Mental Health Client-Level Data (MH-CLD)
Client-Level Mental Health Data
MH-CLD and the Mental Health Treatment Episode Data Set (MH-TEDS) provide information on mental health diagnoses and the mental health treatment services, outcomes, and demographic and substance use characteristics of people in mental health treatment facilities. This information comes from facilities that report to individual state administrative data systems.
To find out more or to read publications using MH-CLD information, please visit the SAMHSA Data Website.
Scope and Methodology Notes
Both MH-TEDS and MH-CLD include people served through state mental health authorities (SMHAs) during the state-defined 12-month reporting period. Most states elect to use the state fiscal year, which usually runs from July 1 through June 30 of the following year; however, some states define their fiscal year differently.
MH-CLD contains one record for each person served. Data items are populated by the states based on the person’s status, either at the start and end of the state’s reporting period or according to the most recently available data.
MH-TEDS contains one record for each admission to, and discharge from, a service type or setting (referred to as a treatment episode) within the client’s treatment history during the reporting period. Data collected from MH-TEDS admission records and update or discharge records are stored as two data sets. These data sets are linked using a HIPAA-compliant, nonprotected health information, unique client identifier and other key fields located in both files. Linking the records allows for the creation of a single client record comparable to the MH-CLD format.
MH-TEDS data is made compatible for analysis with MH-CLD data by developing a file with a structure similar to the MH-CLD data set. After transposing admission and discharge records from MH-TEDS into a client-level file, the MH-TEDS variables are crosswalked to MH-CLD variables. The process of creating an individual record using the MH-TEDS data allows for reporting of the individuals in both the MH-TEDS and MH-CLD data sets.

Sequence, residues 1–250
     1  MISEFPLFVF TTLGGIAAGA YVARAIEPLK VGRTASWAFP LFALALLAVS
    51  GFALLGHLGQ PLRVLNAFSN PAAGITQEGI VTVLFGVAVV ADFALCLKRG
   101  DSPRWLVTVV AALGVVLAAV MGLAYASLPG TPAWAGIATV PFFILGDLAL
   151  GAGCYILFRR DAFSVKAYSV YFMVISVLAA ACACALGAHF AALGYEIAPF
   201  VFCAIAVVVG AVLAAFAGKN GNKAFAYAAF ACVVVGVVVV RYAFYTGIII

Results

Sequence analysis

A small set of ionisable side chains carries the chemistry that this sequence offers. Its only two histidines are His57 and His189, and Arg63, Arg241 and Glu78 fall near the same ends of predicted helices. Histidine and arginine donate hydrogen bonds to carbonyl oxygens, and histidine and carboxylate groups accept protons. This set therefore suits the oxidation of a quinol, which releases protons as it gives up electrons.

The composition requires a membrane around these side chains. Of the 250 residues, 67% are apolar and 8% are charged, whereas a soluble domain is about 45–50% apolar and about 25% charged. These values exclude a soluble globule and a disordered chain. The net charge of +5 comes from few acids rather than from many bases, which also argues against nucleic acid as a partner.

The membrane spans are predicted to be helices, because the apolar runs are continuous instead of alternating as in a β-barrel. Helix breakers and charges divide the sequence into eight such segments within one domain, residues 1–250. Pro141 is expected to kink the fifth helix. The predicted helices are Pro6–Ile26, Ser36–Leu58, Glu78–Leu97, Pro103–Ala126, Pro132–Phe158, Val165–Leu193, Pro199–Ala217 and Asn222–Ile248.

MH-CLD, while providing valuable information about mental health service use, does not represent the total national demand for mental health treatment or describe the mental health status of the national population. MH-CLD is a compilation of client-level data from facilities that SMHAs operate.
Different factors affect which types of facilities provide data, including differences in state licensure, certification, accreditation, and disbursement of public funds. For example, some SMHAs regulate private facilities and individual practitioners, while others do not. Moreover, in some states, mental health services are provided in correctional facilities under the guidance of mental health agencies, while in other states they are not.
Up to three mental health diagnoses per individual can be reported to MH-TEDS or MH-CLD. These diagnoses may not reflect all diagnoses for people served. Furthermore, some individuals have no valid mental health diagnosis reported. If the missing diagnosis is not randomly distributed across facilities, estimated prevalence rates of mental health diseases may be biased.
For methodological information for a particular year or date range, please check the codebook for a data set from the sidebar to the right.
The data limitations include the following:
- MH-CLD does not represent the total national demand for mental health treatment or describe the mental health status of the national population.
- The scope of facilities reporting data is limited and varies based on the state.
- The mental health diagnoses in the data set may not represent all diagnoses for individuals served. Furthermore, some individuals have no valid mental health diagnosis reported. If the missing diagnosis is not randomly distributed across facilities, estimated prevalence rates of mental health diseases may be biased.
Several measures are taken to protect the confidentiality of all records. Variables that potentially identify an individual in their raw form undergo top- or bottom-coding. For example, age as a continuous variable has the potential to identify both the youngest and oldest participants in a public release file. For this reason, age is recoded for the public use file to reduce disclosure risk.
Disclosure analysis is used to identify records that remained unique after routine recoding measures were taken to protect confidentiality. Disclosure analysis is used to detect combinations of indirect identifiers that potentially link an individual to a record. Particular attention was given to the analytic importance of geographic data and of subgroup populations. Subsequently, data swapping was applied to produce the public use file in order to satisfy strict confidentiality standards while preserving its analytic value.
The original location of a record in MH-CLD cannot be known for certain due to the use of data swapping. This method has several benefits over other disclosure protection options:
- The overall impact to the data is typically small.
- Nearly all the data are left intact.
- Data for special populations (for example, minorities) are no more impacted than other data.
- The procedures typically do not affect any analytic uses of the file.
- The procedures allow greater detail to remain on the public use file (for example, the original ethnicity codes).